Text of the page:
Samurais are cool, right? And zombies are also pretty cool and kinda popular right now. But what about zombie samurai warriors? That would, logically, be amazingly cool, wouldn’t it? Well, maybe if they were in any other movie besides Dead Mine, a lethargic, generic action film that wastes the genuinely intriguing mystery of Yamashita’s Gold.
General Yamashita was Japanese commander in WWII, who supposedly buried a cache of stolen war loot somewhere in the Philippines. It’s been the subject of numerous novels, films, even an actual treasure quest, but as the catalyst for a survival horror this is new territory, which is why it’s so disappointing that writer/director Steven Sheil couldn’t do more with it.
Right off the bat you’ll probably notice the name Joe Taslim as one of the film’s stars. A stand out in the awesome Indonesian fight flick The Raid: Redemption, as well as a villain in Fast & Furious 6, Taslim is plastered all over the DVD case for obvious. His mere presence suggests bone-breaking, free-wheeling action, but Taslim is unfortunately a background character at best, stuck peering behind the sights of a machine gun. He plays one of a group of soldiers/mercenaries hired by an entitled rich guy to accompany him on a mysterious mission to explore an abandoned mine in Indonesia. They’re accompanied by his golddigger girlfriend, an engineer and former soldier named Stanley (Sam Hazeldine), and Rie (Miki Mizuno), a researcher with her own share of secrets. Forced deeper into the mine after a random pirate attack, they learn that gold may not have been the only thing Yamashita left behind.
Echoing 2005’s excellent, and genuinely scary, cave-dwelling horror The Descent, it isn’t long before the group comes under attack by weird, mutated humanoids in prisoner masks. Secrets begin to spill out as clues are found suggesting the mine was the site of radical experiments to create a form of super-soldier, who have now taken on the guise of samurai warriors just waiting for their next victims. The production values are surprisingly strong, and the undead samurai make for a striking image. When an army of the indestructible warriors comes marching through a narrow hallway, katana blades at the ready, one can’t help but get a chill. It’s just unfortunate that so little happens before they finally emerge from their hiding place.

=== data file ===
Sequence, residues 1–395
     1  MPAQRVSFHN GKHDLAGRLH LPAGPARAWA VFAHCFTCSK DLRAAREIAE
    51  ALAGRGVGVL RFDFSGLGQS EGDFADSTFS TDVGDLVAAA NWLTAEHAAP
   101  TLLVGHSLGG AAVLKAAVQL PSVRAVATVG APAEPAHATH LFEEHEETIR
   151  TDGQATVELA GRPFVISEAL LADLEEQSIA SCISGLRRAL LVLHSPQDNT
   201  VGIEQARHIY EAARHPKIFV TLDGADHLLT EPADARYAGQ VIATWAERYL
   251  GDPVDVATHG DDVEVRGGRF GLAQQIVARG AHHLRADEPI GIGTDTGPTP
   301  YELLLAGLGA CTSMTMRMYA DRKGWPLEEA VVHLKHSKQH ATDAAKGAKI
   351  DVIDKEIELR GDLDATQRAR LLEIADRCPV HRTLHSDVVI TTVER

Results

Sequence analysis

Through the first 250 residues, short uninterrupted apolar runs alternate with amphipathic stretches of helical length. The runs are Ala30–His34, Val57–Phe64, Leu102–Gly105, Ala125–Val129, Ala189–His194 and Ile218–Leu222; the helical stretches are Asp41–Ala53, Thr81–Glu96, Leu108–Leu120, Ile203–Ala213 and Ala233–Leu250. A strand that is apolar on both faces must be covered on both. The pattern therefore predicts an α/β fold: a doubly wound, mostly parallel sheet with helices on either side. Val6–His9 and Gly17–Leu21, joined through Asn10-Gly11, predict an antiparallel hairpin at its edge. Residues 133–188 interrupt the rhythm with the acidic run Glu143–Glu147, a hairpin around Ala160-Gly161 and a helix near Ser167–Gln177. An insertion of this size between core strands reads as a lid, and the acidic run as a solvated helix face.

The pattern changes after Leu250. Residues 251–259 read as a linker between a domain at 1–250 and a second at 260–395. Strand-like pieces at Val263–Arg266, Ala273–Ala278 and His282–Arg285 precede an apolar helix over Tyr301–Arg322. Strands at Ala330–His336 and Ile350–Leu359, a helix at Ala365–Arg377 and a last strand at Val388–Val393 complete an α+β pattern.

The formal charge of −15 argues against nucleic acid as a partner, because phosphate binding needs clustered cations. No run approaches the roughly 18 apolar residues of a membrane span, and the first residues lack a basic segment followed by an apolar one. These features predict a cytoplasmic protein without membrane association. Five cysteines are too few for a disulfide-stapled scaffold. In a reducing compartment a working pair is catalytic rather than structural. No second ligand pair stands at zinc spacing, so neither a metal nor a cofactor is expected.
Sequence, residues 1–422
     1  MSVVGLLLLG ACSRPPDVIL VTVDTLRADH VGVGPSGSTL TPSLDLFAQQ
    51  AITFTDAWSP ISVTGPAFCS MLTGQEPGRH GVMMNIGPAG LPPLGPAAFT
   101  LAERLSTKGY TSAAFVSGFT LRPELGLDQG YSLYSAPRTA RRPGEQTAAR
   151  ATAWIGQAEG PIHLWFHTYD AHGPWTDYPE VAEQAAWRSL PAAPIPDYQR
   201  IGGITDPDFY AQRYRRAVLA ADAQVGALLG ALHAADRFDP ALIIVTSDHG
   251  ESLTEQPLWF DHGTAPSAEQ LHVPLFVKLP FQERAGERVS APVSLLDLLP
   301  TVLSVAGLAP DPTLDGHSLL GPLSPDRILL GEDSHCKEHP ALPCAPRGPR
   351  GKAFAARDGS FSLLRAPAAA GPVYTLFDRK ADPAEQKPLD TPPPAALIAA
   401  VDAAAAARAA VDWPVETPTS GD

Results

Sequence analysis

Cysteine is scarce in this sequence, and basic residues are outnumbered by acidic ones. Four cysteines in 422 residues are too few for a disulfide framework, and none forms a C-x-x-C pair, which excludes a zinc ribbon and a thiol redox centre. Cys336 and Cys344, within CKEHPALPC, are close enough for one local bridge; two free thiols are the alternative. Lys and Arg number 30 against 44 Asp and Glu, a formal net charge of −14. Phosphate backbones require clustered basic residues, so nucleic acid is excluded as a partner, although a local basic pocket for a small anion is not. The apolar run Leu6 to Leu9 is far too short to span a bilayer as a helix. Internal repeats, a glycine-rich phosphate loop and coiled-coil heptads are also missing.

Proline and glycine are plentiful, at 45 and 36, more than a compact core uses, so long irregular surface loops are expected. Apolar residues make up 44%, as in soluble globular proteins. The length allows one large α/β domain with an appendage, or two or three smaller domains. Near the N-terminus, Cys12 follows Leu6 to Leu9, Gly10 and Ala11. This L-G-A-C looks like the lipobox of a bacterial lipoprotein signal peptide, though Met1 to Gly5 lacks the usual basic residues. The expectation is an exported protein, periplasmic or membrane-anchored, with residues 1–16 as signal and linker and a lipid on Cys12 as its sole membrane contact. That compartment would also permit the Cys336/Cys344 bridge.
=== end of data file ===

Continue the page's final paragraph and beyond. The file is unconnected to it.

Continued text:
For a solid hour practically nothing happens as the explorers stand around and bicker over their predicament. It would be interesting if any of the characters had a personality to speak of. Stanley is ostensibly the hero of the piece, as a guy who was hoping to put his violent ways behind him, but he’s a thinly-painted overly masculine archetype, and Sam Hazeldine isn’t a talented enough actor to make him believable. Taslim gets one extremely brief moment to shine, but those hoping to see him crack a few skulls will be disappointed. As the first feature film from HBO Asia, the film looks good and has some strong gory elements. Sheil smartly hides many of the budgetary limitations behind a veil of darkness, but the make-up work on some of Yamashita’s survivors is terrible, bordering on comical.
Dead Mine is terribly slow for far too long, and even though the pace picks up in the final twenty minutes, it’s not enough to warrant anything more than a rental.